There are gender differences in the research findings. Although males have a much higher rate of engaging in adult criminal behavior, females who were subjected to childhood maltreatment were 73 percent more likely than control group women to offend later in life for a variety of nonviolent offenses, and 8.2 percent of the abused females engaged in subsequent violent behavior contrasted with 3.6 percent of those in the control group. (Widom & Maxfield, supra, 3–4.) Another recent report highlights these higher rates of subsequent offending by abused girls than boys. (Joy D. Osofsky, Addressing Youth Victimization, Coordinating Council on Juv. Jus. & Delinq. Prev. Action Plan Update, October 2001, at 3–4.)
Despite all these data about the link between abuse and neglect and offending, most children who are abused or neglected during childhood do not later engage in delinquent or criminal behavior. There are, thus, some protective or ameliorative factors that come into play to interrupt the link in these children. There may be some other things going on in their lives that lessen the impact of the abuse or neglect and protect them from becoming offenders. Kelley, Thornberry, and Smith have suggested that for these youth there may be "intervening factors, including the emergence of protective factors and the provision of effective services." (Kelley, Thornberry & Smith, supra, at 13.)
Link between abuse and delinquency
There are a number of implications of this research. First, there are the broader policy issues presented by the growing literature about the link. Certainly, initiatives to reduce the incidence of child maltreatment through primary and secondary prevention programs also have delinquency prevention effects as well, with even more significant cost reductions than would be derived from programs to reduce abuse and neglect. (Richard Wiebush, Raelene Freitage & Christopher Baird, Preventing Delinquency Through Improved Child Protection Services, OJJDP Juv. Just. Bull., July 2001.) It may be far more persuasive in convincing policymakers struggling with scarce resources that efforts to reduce abuse and neglect will also suppress delinquent and criminal behavior—especially violent antisocial activity. Integrating more closely the child protection systems and juvenile justice systems will have positive effects across the board, especially if there are earlier and more effective interventions with those children who have been abused. ( Id.) First, targeting services at the victims of abuse and neglect may serve to prevent later delinquent and criminal activity by those very same children. The more we know about risk and protective factors for this population of children, the more effective can be our interventions. Second, the results of the research can be treating victims more effectively through treatment programs informed by empirical research. And third, lawyers, judges, and others involved in the juvenile justice system need to be aware that there is no total disconnect between the child protection aspect of the process and the delinquency jurisdiction of the juvenile or family court. Many of the youth are the same, and the design of a dispositional program that will hold the youth accountable while also rehabilitating him or her may be dependent for its success on an awareness of a history of abuse or neglect. Lawyers, especially those involved in the representation of young people, need to secure a comprehensive enough history to identify those youth who were maltreated earlier in their childhood. They should explore the court history surrounding the abuse or neglect complaint and the social services investigation behind any court proceedings. Many abuse and neglect complaints do not result in court handling, and the lawyer should determine fully what occurred administratively, and especially what treatment services were provided to the child victim. Often, significant services will be provided to the abusers and to the families in an effort to reunite the family, but little in the way of services will be provided to the child. At the very least, policymakers and system participants need to be aware of the link between maltreatment and delinquency or crime, and they should act on the basis of this knowledge. The presence of the history of abuse does not provide an excuse for the behavior, but it may be very instructive about a possible course of treatment or rehabilitation to prevent further offending in the future.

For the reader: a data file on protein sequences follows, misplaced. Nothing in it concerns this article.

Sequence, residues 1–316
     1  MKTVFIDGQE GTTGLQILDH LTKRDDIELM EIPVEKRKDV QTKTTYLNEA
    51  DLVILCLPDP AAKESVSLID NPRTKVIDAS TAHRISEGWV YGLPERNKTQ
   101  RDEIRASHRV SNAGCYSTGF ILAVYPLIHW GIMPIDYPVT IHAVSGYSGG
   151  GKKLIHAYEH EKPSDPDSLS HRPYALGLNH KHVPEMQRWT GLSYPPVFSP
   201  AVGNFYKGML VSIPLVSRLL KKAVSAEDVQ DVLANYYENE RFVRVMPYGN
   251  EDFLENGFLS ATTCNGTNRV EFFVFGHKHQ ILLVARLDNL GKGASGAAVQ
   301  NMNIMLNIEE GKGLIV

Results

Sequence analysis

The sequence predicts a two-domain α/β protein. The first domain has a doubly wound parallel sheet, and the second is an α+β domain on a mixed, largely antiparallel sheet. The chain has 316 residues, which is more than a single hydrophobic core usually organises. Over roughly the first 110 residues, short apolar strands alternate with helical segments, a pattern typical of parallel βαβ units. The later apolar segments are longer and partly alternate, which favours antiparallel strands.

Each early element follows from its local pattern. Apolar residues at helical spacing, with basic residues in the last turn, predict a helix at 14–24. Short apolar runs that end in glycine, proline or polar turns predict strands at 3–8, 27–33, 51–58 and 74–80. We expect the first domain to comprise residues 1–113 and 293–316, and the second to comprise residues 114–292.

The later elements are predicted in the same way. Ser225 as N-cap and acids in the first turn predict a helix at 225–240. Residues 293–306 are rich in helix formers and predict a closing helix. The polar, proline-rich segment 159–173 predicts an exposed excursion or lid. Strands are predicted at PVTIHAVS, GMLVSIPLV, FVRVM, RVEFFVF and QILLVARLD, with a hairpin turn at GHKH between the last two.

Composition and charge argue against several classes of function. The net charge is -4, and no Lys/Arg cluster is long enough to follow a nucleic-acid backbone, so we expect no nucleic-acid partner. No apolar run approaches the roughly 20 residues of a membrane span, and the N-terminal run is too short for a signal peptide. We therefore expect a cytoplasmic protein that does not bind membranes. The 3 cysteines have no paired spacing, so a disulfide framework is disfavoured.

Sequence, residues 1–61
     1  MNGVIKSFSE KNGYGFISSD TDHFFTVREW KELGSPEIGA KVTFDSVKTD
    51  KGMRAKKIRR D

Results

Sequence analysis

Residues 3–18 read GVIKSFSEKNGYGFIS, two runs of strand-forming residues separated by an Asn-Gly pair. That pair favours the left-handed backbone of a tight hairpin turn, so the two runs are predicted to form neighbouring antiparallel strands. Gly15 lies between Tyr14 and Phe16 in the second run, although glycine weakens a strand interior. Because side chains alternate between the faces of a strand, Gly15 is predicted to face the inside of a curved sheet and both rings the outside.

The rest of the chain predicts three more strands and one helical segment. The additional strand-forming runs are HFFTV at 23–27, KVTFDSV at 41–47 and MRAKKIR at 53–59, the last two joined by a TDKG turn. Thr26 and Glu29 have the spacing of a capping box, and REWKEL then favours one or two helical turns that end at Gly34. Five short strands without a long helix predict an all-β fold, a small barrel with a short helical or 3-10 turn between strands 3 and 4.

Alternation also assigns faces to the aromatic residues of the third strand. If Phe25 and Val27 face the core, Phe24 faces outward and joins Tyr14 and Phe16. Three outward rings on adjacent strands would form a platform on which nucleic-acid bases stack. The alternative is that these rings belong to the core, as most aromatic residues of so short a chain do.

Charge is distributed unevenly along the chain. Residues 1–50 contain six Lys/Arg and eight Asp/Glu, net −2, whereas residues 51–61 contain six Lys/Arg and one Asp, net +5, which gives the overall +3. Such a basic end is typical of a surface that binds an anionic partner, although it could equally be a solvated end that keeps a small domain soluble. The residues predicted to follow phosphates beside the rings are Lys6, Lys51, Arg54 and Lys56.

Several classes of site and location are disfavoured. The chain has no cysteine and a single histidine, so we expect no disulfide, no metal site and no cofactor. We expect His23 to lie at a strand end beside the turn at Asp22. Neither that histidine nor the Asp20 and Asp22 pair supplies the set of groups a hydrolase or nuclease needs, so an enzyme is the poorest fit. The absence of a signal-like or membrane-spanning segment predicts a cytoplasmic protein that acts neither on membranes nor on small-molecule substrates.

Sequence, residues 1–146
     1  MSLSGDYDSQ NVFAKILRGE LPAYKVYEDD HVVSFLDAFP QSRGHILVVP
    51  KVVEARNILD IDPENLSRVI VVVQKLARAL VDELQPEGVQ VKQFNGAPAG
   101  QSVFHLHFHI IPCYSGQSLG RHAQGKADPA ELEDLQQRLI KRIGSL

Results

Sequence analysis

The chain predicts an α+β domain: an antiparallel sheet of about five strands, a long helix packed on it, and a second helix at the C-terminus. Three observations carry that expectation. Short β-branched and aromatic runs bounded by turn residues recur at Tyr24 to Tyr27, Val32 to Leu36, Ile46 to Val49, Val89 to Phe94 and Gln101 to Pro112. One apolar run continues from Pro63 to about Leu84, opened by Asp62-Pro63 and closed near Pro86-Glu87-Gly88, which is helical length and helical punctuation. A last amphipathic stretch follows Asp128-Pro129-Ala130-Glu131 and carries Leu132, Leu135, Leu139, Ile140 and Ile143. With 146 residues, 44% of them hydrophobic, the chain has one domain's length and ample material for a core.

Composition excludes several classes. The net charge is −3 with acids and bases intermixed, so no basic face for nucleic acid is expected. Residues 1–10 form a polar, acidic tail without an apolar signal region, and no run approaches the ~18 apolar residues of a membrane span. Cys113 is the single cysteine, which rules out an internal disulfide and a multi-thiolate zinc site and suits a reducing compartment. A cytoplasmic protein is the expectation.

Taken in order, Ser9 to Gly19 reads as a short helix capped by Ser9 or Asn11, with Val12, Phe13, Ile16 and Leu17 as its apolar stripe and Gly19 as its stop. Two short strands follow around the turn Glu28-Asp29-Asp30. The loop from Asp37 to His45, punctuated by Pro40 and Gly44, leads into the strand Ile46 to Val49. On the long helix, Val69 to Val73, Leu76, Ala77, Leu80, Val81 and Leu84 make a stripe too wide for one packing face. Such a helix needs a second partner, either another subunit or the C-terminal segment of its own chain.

Robert E. Shepherd, Jr ., is emeritus professor of law at the University of Richmond School of Law in Virginia. He is also a contributing editor to Criminal Justice magazine and former chair of the Section’s Juvenile Justice Committee.